What i understood that Theta is negative for put options and positive for call options

But why did i see in one of the TT’s that Theta is negative for options ? without specifying the kind of option ( shall i treat it as negative for both for the exam purpose?

The sign on theta is (usually) the same for calls and puts, but part of the problem is how, exactly, theta is defined. Or, more specifically, how we’re measuring time.

If we measure time as time-remaining-till-expiration (so that if t is 3 today, it will be 2 tomorrow), then theta is (usually) positive for both calls and puts: the more time till expiration, the greater the value of the option.

If we measure time according to the calendar (so that if t is 27 today, it will be 28 tomorrow), then theta is (usually) negative for both calls and puts: tomorrow’s time value is less than today’s time value.

Theta is always negative for long options. As t declines, the option price declines (less time for the option to be in the money).

This is true for both calls and puts.

Theta is positive for short options (i.e. when you write calls or puts). This is because you’ve sold them and collected money on them, and you want them to expire out of the money (and there is less time for them to suddenly be in the money).

Hope that helps.

While we’re on the topic of second order effects, Gamma is always positive for long call/put, and negative for short call/put.

can I say now that today’s option value is $ 9 30 days after it will be $7 (mainly due to TVM ?)

so now we can say that the option value decrease when time to expiration decrease , therefore it is positive relationship ?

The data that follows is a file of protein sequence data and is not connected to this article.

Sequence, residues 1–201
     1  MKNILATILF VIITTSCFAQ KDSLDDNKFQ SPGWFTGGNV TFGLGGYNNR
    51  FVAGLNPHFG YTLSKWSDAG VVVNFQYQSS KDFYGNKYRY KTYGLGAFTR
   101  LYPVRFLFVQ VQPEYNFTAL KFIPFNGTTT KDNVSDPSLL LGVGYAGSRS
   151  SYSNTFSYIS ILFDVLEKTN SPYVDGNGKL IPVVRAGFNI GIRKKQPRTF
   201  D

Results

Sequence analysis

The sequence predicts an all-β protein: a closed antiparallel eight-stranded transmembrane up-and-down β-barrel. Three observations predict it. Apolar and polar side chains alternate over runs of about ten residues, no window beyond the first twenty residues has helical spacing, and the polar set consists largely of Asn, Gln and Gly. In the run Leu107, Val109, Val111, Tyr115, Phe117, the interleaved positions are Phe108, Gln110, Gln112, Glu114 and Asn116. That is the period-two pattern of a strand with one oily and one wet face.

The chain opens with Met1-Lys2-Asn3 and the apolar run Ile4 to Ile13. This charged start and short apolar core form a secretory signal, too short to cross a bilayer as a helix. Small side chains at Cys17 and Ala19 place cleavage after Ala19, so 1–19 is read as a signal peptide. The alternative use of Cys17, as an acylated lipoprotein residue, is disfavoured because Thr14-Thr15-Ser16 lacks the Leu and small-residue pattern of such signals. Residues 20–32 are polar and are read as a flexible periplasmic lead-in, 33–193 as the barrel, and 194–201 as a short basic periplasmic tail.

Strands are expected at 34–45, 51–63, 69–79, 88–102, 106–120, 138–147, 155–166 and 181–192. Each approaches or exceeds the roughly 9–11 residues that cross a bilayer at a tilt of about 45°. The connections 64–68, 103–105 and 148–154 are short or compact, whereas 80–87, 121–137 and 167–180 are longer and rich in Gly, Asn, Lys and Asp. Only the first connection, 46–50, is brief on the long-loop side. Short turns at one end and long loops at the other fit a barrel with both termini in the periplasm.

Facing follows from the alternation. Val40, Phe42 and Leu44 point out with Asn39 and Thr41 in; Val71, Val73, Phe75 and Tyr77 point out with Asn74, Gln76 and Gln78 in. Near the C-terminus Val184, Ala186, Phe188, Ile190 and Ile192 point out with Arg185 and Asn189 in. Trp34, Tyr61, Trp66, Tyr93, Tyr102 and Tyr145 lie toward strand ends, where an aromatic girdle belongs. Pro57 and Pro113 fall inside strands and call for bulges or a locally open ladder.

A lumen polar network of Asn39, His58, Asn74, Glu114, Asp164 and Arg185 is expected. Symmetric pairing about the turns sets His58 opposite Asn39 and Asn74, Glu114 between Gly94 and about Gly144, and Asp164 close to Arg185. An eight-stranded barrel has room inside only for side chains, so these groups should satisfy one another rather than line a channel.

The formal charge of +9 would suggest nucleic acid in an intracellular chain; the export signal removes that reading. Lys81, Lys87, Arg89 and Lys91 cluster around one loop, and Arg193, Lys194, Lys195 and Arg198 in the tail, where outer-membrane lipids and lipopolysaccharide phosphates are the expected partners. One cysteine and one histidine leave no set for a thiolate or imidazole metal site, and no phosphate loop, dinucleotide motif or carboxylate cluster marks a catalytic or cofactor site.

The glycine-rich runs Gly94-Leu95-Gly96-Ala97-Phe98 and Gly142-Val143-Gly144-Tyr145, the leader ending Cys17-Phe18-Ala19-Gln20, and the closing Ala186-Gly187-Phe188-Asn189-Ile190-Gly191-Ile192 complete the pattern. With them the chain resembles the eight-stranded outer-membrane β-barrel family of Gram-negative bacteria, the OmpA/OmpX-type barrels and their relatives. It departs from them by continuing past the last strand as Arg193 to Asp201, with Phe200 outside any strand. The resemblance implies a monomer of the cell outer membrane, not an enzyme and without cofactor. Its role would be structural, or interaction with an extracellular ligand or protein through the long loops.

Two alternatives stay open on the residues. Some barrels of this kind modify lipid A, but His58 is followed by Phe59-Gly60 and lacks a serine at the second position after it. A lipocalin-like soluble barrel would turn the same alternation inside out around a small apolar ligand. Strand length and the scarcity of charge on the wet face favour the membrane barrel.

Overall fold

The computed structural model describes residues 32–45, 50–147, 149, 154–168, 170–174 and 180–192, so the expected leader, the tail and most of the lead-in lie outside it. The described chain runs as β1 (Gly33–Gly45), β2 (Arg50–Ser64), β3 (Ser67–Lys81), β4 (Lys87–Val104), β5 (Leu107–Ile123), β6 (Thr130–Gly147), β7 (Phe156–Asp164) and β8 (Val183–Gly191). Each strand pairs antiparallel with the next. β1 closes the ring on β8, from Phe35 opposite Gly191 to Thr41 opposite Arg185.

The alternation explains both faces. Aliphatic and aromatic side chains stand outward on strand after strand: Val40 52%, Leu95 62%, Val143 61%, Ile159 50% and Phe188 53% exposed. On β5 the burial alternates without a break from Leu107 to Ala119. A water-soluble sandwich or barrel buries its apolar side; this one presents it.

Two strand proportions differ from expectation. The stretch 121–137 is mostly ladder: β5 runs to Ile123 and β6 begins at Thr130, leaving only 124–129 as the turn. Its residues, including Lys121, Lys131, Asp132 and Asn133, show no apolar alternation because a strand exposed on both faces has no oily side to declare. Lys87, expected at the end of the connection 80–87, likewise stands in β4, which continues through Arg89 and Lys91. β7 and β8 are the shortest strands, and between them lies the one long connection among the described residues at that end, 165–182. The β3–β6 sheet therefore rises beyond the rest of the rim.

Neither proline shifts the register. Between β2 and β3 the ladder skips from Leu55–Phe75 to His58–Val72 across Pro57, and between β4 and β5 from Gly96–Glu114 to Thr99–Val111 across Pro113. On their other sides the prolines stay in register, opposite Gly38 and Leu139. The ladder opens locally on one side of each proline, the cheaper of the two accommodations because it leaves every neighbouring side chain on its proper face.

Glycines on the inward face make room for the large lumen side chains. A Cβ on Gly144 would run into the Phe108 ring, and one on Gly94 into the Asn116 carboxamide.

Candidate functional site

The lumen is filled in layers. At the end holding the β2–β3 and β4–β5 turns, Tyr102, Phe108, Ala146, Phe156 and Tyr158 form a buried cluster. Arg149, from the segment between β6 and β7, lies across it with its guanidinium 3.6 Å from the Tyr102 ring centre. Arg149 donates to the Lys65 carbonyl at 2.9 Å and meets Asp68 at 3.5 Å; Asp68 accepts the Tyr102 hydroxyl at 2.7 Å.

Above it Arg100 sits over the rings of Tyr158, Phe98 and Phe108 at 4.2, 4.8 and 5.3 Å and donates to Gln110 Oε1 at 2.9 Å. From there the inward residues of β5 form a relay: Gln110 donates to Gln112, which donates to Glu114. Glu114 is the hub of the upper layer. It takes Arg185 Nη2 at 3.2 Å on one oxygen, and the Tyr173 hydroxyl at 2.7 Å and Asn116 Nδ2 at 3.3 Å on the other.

But the absolute value of theta (measuring the speed or the sensitivity of this decrease in value) will increase as time to expiration decrease (negative relationship)

*Hoping for answer of yes otherwise i need to jump in a cold shower to wake up*

This exhibit is from an answer to one of the newly added TT questions

Typically, theta is negative for options. The speed of the option value decline increases, however, as time to expiration decreases. Vega is high when options are at or near the money. During the next 30 days, the options will approach expiration and approach being at the money

So they’re not measuring time as time-to-expiration; they’re measuring it as time-since-inception.

Whatever. Either way works, you simply have to know whether you’re driving on the right side of the road or driving on the left side.

That’s what I want to investigate.

Another thing to investigate . . . after the exam.

Options always approach expiration. At a rate of one. Weird statement: what do they think, that time might start running backward?

Another weird statement. How do they know that the price of the underlying will approach the strike price of the options? If I have two options with the same expiration and different strike prices, will it cause a rift in the space-time continuum, ending life as we know it?